Analysis by DNV GL finds that fossil fuel companies are ramping up their interest in the energy systems of the future this year as they seek to transform for the long term

Oil and gas green investments

DNV GL's research shows that 57% of oil and gas producers plan to increase investment in renewables in 2021, up from 44% last year (Credit: Shutterstock/pan demin)

The oil and gas industry is expected to increase its investments in green technologies in 2021, according to a report.

The analysis by risk management firm DNV GL finds that fossil fuel companies are ramping up their interest in the “energy systems of the future” this year as they “seek to transform for the long term”.

It shows that a record two-thirds (66%) of the 1000 senior oil and gas professionals that were surveyed reported that their organisation is actively adapting to a less carbon-intensive energy mix in 2021, up from just 44% in 2018.

The report suggests priorities are shifting as investors “reassess the risks of financing oil and gas projects”, and as governments and industry “pour billions into green recovery strategies” following the Covid-19 pandemic.

Remi Eriksen, group president and CEO of DNV GL, said:“Net-zero climate policies began to proliferate in 2020, from Europe to China, and made it onto the table in the US.

“Long term, net-zero policies have the potential to drive deep decarbonisation of the world’s energy system, and they are already changing the direction of the oil and gas industry.”

 

Just a fifth of oil and gas industry to increase oil projects investments amid green technologies shift

The research shows that 57% of oil and gas producers plan to increase investment in renewables, up from 44% last year, while 48% expect to increase investment in green or decarbonised gas.

Just 21% said they will increase investment in oil projects in 2021, as the sector increasingly comes to terms with the notion that the world’s demand for oil has peaked or will peak in the short to medium term. Expectations for an increase in natural gas investment remain steady at 37%.

OPEC oil
The oil and gas industry is moving through its third major downturn in 12 years as a result of a drop in energy demand (Credit: Pixabay/ArtTower)

The majority of senior oil and gas professionals expect these shifts in investment will lead to a “wider reshaping of the industry”. As much as 78% believe there will be increased consolidation in the year ahead, up from 64% a year ago.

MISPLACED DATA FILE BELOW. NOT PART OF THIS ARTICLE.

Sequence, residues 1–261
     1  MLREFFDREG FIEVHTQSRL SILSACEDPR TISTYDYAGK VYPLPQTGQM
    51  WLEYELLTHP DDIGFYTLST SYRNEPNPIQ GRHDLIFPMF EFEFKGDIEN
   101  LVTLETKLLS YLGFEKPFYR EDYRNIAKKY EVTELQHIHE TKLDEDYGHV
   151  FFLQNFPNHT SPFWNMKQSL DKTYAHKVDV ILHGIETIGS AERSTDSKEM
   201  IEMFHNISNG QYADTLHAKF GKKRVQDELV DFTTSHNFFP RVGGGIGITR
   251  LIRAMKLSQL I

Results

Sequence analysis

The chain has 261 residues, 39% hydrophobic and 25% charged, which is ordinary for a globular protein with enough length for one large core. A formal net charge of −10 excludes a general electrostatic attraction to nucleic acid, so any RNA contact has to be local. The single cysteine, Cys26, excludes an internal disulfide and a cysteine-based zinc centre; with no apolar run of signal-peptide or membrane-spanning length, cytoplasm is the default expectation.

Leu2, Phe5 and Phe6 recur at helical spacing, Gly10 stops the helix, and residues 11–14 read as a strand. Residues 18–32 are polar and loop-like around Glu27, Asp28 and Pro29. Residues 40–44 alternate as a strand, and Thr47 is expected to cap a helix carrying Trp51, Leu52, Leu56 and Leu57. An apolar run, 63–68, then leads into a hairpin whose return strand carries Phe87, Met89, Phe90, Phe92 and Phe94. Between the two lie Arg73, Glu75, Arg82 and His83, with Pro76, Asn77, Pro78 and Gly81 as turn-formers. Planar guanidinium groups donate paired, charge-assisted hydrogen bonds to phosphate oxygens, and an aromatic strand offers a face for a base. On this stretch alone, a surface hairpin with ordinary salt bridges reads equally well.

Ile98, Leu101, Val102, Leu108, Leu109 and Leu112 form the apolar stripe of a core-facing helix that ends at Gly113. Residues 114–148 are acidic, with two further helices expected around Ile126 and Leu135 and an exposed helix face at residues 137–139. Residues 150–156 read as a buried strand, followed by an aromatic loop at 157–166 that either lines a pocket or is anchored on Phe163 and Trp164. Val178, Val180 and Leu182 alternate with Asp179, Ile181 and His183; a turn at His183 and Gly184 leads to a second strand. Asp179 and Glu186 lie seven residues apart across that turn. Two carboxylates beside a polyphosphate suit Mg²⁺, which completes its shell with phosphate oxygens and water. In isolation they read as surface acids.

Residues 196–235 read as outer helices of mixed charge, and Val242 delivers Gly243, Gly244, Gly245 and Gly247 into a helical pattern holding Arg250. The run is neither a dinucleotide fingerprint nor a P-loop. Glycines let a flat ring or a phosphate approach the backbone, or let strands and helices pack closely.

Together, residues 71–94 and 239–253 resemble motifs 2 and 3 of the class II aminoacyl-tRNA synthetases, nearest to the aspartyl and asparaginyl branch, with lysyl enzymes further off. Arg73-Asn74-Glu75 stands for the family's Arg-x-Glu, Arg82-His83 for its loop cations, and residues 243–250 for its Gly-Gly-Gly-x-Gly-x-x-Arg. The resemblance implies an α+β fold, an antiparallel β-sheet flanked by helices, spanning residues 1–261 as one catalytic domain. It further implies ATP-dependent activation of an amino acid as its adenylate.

Strategic reorientation may also involve asset and business sales, with 63% expecting more demergers, divestments and spin-offs, up from 46% last year.

Transformational investments are expected to come despite a “crash in confidence” for industry growth following the Covid-19 pandemic and the subsequent oil and gas market crash. But only 39% of senior oil and gas professionals are confident about industry growth in 2021, down from 66% last year.

 

Oil and gas industry downturn “may be different from those of the past”

The oil and gas industry is moving through its third major downturn in 12 years as a result of a drop in energy demand, but the analysis claims the outlook for 2021 is influenced by the possibility that this downturn “may be different from those of the past”.

It added that perhaps the most significant difference for the industry this year is the “shift in capital away from fossil fuels”.

Eriksen said: “The financial markets – through the effects of the Covid-19 pandemic – have seen what peak oil demand could look like, and are increasingly factoring in changing sentiment in society towards a decarbonised future.

“Decarbonisation has moved from something on the horizon to an immediate priority, and there are signs that our sector may invest to transform rather than cut its way out of the present crisis.”

The report notes that cost cutting will still be a universal priority (96%) for 2021, but that the industry is “already lean.

A resilient 63% said their organisation will still achieve acceptable profits if the oil price averages between $40 to $50 per barrel in 2021 – but there are signs that traditional cost cutting methods are hitting their limits.

DNV GL vice president Hans Kristian Danielsen said:“The trouble with the industry’s available cost efficiency levers is that most of them have been pulled quite hard already.

“Cost efficiency has been an uninterrupted priority in each of the past seven years. For some, it is getting harder to squeeze any more water from the sponge. Four fifths of senior oil and gas professionals say cost cutting will be more challenging than ever in 2021.”

 

Oil and gas industry looking longer term to “transformational investments”

But the oil and gas industry is not hitting the spending brakes as hard as it did after the downturn in 2014, according to the analysis.

While the proportion of respondents expecting to maintain or increase capex in the year ahead has fallen to 62% – down from 72% going into 2020 – this is much higher than the 43% recorded following the last downturn.

DNV GL said the industry cut costs and waited for oil demand to rise during the last downturn, then renewed investment in oil and gas.

While some in the industry are expecting a quick recovery, its research shows that most are looking longer term to “transformational investments” – to projects that will decarbonise the industry.

“Companies are betting long term when making transformational investments, aiming to navigate the multiple transitions taking place at different speeds around the world,” said Danielsen.

“While we see a crash in confidence for industry growth in 2021, we see growing confidence in the opportunities that lie in a decarbonised future.”